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  1. ABSTRACT The variability of quasars across multiple wavelengths is a useful probe of physical conditions in active galactic nuclei. In particular, variable accretion rates, instabilities, and reverberation effects in the accretion disc of a supermassive black hole are expected to produce correlated flux variations in ultraviolet (UV) and optical bands. Recent work has further argued that binary quasars should exhibit strongly correlated UV and optical periodicities. Strong UV–optical correlations have indeed been established in small samples of (N ≲ 30) quasars with well-sampled light curves, and have extended the ‘bluer-when-brighter’ trend previously found within the optical bands. Here, we further test the nature of quasar variability by examining the observed-frame UV–optical correlations among bright quasars extracted from the Half Million Quasars (HMQ) catalogue. We identified a large sample of 1315 quasars in HMQ with overlapping UV and optical light curves from the Galaxy Evolution Explorer and the Catalina Real-time Transient Survey, respectively. We find that strong correlations exist in this much larger sample, but we rule out, at ∼95 per cent confidence, the simple hypothesis that the intrinsic UV and optical variations of all quasars are fully correlated. Our results therefore imply the existence of physical mechanism(s) that can generate uncorrelated opticalmore »and UV flux variations.« less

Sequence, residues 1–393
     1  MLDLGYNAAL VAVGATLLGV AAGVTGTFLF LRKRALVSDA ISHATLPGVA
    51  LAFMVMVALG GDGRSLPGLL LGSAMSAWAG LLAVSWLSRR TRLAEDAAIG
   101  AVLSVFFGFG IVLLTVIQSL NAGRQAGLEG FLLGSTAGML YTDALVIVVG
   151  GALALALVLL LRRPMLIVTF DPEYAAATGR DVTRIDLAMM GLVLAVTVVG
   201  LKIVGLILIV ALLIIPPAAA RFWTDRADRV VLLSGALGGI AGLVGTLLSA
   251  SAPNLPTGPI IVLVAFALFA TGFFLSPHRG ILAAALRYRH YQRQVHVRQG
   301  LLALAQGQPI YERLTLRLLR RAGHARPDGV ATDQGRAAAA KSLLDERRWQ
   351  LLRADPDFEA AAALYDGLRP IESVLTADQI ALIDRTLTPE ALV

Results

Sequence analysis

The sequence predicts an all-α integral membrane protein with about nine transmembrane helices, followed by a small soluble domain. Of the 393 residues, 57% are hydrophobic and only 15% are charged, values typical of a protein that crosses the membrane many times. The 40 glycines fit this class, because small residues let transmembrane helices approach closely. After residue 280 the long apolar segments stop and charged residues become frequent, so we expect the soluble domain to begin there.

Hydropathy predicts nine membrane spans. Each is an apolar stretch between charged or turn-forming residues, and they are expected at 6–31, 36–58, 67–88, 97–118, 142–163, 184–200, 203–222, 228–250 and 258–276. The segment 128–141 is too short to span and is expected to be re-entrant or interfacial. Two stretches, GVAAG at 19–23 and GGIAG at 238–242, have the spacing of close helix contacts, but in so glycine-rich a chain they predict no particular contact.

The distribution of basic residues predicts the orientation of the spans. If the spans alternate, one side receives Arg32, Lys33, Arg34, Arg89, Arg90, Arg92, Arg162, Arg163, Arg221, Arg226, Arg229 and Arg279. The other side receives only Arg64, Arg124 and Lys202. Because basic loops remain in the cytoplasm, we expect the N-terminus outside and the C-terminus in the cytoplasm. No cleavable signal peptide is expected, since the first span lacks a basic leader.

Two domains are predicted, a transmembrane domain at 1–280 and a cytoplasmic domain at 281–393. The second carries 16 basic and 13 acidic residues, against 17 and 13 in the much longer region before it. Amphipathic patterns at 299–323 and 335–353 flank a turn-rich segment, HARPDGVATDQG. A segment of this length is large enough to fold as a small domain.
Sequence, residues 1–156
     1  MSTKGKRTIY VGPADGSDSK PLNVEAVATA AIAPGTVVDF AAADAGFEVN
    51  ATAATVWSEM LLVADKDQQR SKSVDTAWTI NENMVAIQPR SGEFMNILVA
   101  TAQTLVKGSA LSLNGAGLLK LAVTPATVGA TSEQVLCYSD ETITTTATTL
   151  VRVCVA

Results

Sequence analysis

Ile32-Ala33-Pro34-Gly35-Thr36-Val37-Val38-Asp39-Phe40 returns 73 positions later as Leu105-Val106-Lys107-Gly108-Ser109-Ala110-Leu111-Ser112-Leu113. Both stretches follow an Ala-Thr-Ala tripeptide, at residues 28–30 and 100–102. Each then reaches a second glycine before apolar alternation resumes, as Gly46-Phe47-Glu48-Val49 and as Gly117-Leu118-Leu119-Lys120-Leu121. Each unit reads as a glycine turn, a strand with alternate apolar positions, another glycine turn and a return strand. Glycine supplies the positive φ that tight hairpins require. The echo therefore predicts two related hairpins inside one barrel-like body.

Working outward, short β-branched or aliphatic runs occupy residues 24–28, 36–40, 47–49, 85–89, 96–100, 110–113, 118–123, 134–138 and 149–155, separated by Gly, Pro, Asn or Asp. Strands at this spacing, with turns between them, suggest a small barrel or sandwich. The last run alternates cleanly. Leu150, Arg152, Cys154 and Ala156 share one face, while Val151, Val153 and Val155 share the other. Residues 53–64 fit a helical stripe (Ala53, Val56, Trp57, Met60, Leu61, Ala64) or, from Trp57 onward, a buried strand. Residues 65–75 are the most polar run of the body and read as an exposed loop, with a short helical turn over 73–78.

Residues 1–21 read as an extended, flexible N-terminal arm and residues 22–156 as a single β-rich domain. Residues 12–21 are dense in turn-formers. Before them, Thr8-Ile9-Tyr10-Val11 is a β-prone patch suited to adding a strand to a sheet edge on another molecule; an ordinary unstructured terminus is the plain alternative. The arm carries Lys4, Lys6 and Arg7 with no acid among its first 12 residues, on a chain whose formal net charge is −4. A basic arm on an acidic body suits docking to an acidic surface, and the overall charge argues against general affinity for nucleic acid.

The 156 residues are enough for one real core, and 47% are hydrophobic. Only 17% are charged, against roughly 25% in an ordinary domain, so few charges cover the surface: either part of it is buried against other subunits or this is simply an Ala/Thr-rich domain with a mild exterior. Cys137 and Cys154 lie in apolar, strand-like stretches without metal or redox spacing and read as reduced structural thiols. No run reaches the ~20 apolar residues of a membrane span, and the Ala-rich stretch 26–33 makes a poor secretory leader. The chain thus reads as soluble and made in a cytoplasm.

2. ABSTRACT The bright quasar PG1302-102 has been identified as a candidate supermassive black hole binary from its near-sinusoidal optical variability. While the significance of its optical periodicity has been debated due to the stochastic variability of quasars, its multiwavelength variability in the ultraviolet (UV) and optical bands is consistent with relativistic Doppler boost caused by the orbital motion in a binary. However, this conclusion was based previously on sparse UV data that were not taken simultaneously with the optical data. Here, we report simultaneous follow-up observations of PG1302-102 with the Ultraviolet Optical Telescope on the Neil Gehrels Swift Observatory in six optical + UV bands. The additional nine Swift observations produce light curves roughly consistent with the trend under the Doppler boost hypothesis, which predicts that UV variability should track the optical, but with a ∼2.2 times higher amplitude. We perform a statistical analysis to quantitatively test this hypothesis. We find that the data are consistent with the Doppler boost hypothesis when we compare the the amplitudes in optical B-band and UV light curves. However, the ratio of UV to V-band variability is larger than expected and is consistent with the Doppler model, only if either the UV/optical spectral slopes vary,more »the stochastic variability makes a large contribution in the UV, or the sparse new optical data underestimate the true optical variability. We have evidence for the latter from comparison with the optical light curve from All-Sky Automated Survey for Supernovae. Additionally, the simultaneous analysis of all four bands strongly disfavours the Doppler boost model whenever Swift V band is involved. Additional, simultaneous optical + UV observations tracing out another cycle of the 5.2-yr proposed periodicity should lead to a definitive conclusion.« less